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Man put hidden camera in bathroom of Paramus, Wayne homes, police say

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When someone is arrested and charged with a crime in New Jersey, police departments observe a protocol that includes the reading of Miranda Rights.

A West New York contractor was charged with invasion of privacy after he admitted to putting a camera in the bathrooms of homes in Paramus and Wayne, police said. 

Romeo Sanchez, 47, admitted to police that he put the cameras in the bathrooms after the Paramus resident reported a suspicious electronic device in their bathroom on Aug. 25, Paramus Police Chief Kenneth Ehrenberg said in a statement. 

Police found it to be a “micro” camera with a memory card in one of the walls of the bathroom, the statement said, where the memory card had video clips of the bathroom and a bathroom at a different location. 

Romeo Sanchez, 47, of West New York was charged for putting a camera in the bathroom of a Paramus home while he was there to replace a window, according to Paramus Police. (Photo: Courtesy of Paramus Police Department)

Sanchez was identified by the resident as a contractor they hired to replace a window, where Sanchez said he didn’t finish and needed to come back, the statement said.

Police located Sanchez, who confessed to putting the camera in the Paramus home and planned to get it back when he came to “finish his job,” police said. Sanchez also identified the videos of the different location as a home in Wayne. 

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Paramus police said the investigation into the second home was left to Wayne police, who did not immediately respond to a request for comment. 

Anyone with information regarding Sanchez is asked to contact Paramus

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Wildfires Put Nearly 2 Million Homes At Extreme Risk Of Property Losses

Nearly 2 million homes with a reconstruction cost value of more than $638 billion are at an elevated risk of wildfire damage this year, according to a new report by data analytics provider CoreLogic.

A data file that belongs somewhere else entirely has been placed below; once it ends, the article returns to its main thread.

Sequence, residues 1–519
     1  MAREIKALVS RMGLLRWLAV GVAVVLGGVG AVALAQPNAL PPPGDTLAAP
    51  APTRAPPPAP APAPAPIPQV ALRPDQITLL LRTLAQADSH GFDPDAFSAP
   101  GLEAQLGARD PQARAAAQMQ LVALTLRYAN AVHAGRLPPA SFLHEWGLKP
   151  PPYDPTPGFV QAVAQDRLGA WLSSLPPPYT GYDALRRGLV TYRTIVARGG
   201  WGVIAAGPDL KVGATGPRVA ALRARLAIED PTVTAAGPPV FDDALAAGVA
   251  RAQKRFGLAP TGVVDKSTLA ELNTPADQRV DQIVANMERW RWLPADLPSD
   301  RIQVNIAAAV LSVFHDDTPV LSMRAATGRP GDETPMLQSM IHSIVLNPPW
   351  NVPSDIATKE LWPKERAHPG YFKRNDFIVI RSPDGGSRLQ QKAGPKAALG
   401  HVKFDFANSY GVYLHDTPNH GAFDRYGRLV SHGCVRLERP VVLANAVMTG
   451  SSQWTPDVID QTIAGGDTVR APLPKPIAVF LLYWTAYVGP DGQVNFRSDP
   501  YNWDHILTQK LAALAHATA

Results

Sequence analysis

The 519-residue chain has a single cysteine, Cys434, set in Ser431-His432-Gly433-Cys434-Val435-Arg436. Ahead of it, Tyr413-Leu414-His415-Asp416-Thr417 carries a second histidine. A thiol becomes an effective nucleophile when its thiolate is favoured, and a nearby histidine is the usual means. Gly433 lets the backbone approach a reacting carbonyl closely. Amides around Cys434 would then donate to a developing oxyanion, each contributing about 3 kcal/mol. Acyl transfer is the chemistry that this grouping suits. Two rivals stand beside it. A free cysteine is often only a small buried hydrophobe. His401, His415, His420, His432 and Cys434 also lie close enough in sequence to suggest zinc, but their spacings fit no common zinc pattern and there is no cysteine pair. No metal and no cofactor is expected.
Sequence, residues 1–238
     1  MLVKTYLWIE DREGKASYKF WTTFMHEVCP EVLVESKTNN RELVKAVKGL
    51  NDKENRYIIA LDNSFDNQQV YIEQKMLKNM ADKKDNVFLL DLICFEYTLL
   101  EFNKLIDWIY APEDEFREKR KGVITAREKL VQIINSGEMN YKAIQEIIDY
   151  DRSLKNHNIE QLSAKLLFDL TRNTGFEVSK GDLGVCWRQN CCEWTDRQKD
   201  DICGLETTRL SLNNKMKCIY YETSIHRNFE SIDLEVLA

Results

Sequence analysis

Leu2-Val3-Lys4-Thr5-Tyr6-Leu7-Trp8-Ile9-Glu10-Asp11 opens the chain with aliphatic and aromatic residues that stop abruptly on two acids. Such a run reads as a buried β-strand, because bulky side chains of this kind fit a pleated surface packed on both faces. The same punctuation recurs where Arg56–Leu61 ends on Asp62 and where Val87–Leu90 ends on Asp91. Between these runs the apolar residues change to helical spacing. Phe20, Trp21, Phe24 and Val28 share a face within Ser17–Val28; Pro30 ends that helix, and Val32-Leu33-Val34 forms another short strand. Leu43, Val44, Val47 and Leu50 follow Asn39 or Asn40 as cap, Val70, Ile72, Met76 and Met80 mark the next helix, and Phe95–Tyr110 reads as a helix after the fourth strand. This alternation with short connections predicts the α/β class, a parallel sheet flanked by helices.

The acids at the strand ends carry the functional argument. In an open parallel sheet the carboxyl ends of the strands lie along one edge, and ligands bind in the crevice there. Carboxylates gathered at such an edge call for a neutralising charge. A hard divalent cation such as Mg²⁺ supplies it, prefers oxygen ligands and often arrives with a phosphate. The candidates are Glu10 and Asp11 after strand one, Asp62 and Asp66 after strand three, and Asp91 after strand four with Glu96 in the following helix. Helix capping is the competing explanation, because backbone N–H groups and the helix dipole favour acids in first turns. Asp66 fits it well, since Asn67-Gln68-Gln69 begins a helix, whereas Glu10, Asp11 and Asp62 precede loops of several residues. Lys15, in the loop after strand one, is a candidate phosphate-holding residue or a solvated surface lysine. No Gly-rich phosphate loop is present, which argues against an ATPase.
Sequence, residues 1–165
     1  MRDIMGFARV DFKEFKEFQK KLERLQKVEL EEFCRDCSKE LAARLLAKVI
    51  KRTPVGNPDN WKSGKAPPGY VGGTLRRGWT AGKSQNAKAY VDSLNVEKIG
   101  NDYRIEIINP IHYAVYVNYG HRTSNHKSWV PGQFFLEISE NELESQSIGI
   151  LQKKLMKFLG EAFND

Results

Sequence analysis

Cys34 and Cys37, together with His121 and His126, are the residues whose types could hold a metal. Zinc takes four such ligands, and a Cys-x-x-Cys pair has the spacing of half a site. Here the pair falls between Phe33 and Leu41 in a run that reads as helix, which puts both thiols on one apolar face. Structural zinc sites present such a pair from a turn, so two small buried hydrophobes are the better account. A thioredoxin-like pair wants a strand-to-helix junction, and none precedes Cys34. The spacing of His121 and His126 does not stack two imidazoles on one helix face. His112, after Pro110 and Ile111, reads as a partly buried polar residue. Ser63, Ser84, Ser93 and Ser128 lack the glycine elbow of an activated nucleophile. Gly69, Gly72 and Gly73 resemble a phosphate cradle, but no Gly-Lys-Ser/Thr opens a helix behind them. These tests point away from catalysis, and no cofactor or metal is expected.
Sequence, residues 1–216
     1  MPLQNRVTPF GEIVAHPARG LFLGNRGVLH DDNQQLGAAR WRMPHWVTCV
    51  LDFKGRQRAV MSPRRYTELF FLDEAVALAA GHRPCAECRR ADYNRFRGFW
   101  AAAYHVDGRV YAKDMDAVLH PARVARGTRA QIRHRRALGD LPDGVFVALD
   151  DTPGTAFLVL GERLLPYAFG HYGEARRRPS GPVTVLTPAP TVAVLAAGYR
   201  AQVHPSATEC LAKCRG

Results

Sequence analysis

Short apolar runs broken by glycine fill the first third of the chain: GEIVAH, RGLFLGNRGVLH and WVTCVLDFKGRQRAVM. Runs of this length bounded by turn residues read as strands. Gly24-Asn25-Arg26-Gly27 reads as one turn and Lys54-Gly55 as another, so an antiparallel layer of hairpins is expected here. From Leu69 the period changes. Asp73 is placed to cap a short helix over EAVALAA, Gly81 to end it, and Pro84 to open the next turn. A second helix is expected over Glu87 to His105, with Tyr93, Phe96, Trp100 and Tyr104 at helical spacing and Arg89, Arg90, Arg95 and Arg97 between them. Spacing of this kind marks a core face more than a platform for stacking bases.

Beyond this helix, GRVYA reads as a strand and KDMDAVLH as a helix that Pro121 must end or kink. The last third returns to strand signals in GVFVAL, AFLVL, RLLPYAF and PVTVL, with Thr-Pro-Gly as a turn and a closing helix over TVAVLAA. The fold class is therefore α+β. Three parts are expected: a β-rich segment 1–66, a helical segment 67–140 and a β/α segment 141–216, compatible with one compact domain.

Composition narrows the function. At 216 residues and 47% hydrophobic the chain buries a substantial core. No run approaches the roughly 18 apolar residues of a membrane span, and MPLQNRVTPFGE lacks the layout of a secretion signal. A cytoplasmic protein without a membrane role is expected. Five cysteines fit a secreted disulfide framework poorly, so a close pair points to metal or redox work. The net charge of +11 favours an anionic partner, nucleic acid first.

This wildfire season is well on its way to setting a record for one of the most destructive years for wildfires in recent memory, and the pandemic is creating additional complications, according to the report, which provides insights into single-family and multifamily residential properties at risk of damage from wildfires in the United States.

The devastating wildfires raging across the Western United States have left homeowners facing the challenge of starting from scratch. With disruptions to the supply chain for raw materials, manufacturing and transportation, the resulting hit to reconstruction efforts could be further challenged.

There is no state that is completely free from wildfire risk, but CoreLogic’s wildfire data indicates that over the past two years, approximately 96.4% of the total acreage burned in the United States was in 13 fire-prone Western states, plus Alaska and Florida. These 15 states are the most susceptible and have an expectation of severe property losses due to wildfire.  

Alaska, due to its size and concentration of forested area, accounts for a large segment of total wildfire acreage each year. And Florida, even with higher levels of humidity and rainfall, tends to experience a relatively large share of wildfire activity.

As the nation’s population increases and residential development extends farther from metro areas, more homes and businesses will face the threat of wildfires. 

The Los Angeles metro area tops the list of metropolitan areas with the greatest single-family residences at wildfire risk, followed by the Riverside and San Diego metro areas. California

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